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Celebrating Computer Science Education Week
MONDAY, DECEMBER 14, 2015 12:14 PM

According to the Bureau of Labor Statistics, software developers make around $93,350 per year. These professionals use code to create and fix programs, controlling networks and devices. December 7-13 is Computer Science Education Week, the perfect occasion to set your students on a path to a career in IT. To help your class celebrate this exciting occasion and learn about Common Core science, here are some tips:

Try coding
Computer coding is a growing field, and kids interested in tech can begin learning about it at an early age. There many fun games students can play to learn the intricacies of software development. Moreover, students can also  take steps toward identifying if an IT career is right for them just by learning a few bits of code. Some areas are hosting Computer Science Education Week activities such as creating an Hour of Code, a time during which students in one classroom, a school or even an entire district pause their regular studies and instead learn coding. Teachers can turn to the CSEW Hour of Code participation kit for resources on how to organize and facilitate such an event.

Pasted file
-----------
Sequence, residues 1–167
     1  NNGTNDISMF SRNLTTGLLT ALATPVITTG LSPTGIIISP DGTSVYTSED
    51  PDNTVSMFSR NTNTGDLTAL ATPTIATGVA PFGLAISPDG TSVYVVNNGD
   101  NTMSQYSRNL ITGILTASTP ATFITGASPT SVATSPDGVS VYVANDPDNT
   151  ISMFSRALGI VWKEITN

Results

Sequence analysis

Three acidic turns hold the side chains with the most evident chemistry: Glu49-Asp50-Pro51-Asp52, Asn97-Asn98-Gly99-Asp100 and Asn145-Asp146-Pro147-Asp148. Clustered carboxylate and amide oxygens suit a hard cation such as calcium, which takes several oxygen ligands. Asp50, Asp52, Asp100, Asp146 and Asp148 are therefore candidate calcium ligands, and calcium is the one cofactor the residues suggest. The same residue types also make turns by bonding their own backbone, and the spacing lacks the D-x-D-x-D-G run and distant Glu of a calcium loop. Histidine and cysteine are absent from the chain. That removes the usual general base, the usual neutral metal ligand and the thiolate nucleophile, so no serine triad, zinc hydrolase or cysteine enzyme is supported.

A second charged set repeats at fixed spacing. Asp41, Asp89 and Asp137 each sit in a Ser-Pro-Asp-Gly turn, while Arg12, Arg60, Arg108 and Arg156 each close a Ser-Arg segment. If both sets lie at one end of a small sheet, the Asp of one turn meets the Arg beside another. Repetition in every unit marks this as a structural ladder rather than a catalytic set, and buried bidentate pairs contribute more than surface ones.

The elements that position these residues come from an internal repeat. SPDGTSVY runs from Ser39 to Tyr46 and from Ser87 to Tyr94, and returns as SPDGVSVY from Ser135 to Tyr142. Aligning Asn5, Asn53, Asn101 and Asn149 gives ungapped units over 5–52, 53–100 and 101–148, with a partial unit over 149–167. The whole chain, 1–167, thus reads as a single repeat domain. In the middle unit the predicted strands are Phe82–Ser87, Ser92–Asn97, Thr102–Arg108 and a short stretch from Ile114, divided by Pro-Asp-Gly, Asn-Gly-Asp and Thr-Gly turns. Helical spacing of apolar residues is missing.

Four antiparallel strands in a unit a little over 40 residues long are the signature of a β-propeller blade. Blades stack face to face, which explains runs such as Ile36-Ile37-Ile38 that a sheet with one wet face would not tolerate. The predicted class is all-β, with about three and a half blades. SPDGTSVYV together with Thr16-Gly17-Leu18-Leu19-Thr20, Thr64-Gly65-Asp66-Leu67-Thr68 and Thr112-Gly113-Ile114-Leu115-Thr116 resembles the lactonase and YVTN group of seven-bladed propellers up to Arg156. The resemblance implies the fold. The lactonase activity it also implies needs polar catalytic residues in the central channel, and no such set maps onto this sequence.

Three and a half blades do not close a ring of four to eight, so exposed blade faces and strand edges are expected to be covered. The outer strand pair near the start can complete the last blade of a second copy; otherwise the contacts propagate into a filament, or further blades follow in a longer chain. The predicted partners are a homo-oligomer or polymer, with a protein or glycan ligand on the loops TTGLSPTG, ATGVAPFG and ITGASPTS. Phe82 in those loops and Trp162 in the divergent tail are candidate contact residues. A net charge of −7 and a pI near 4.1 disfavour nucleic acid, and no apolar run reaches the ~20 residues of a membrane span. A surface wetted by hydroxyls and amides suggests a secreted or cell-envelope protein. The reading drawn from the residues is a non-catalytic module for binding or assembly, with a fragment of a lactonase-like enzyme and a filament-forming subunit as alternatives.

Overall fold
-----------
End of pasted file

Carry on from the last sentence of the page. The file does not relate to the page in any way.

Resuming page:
For a smaller-scale journey into coding, have your students try these apps that teach the basics of coding:

Tynker
This web platform provides interactive games that teach kids coding concepts by challenging them to complete strings of code to make characters move. It provides tutorials to get user started, and then kids can move on to free play mode to experiment and build on the basic coding ideas. Tynker offers a colorful interface that gets kids involved in IT.

Cargo-Bot
Robots and artificial intelligence are hot topics in the technology world. Your students can train their own robots with Cargo-Bot, an app that has 36 puzzles to promote learning. Users write code to tell the bot where to go, when to turn and when to jump in order to solve the puzzles and finish the games. Cargo-Bot features a toolbox of moves from which users choose their bot's next step by writing sequences of code. Even adults can get into this addictive app.

Coding games are just the start of showing students what a potential career in software development may mean for them. These apps and programs are a great way to get students involved and give them a taste of what an IT career could entail.




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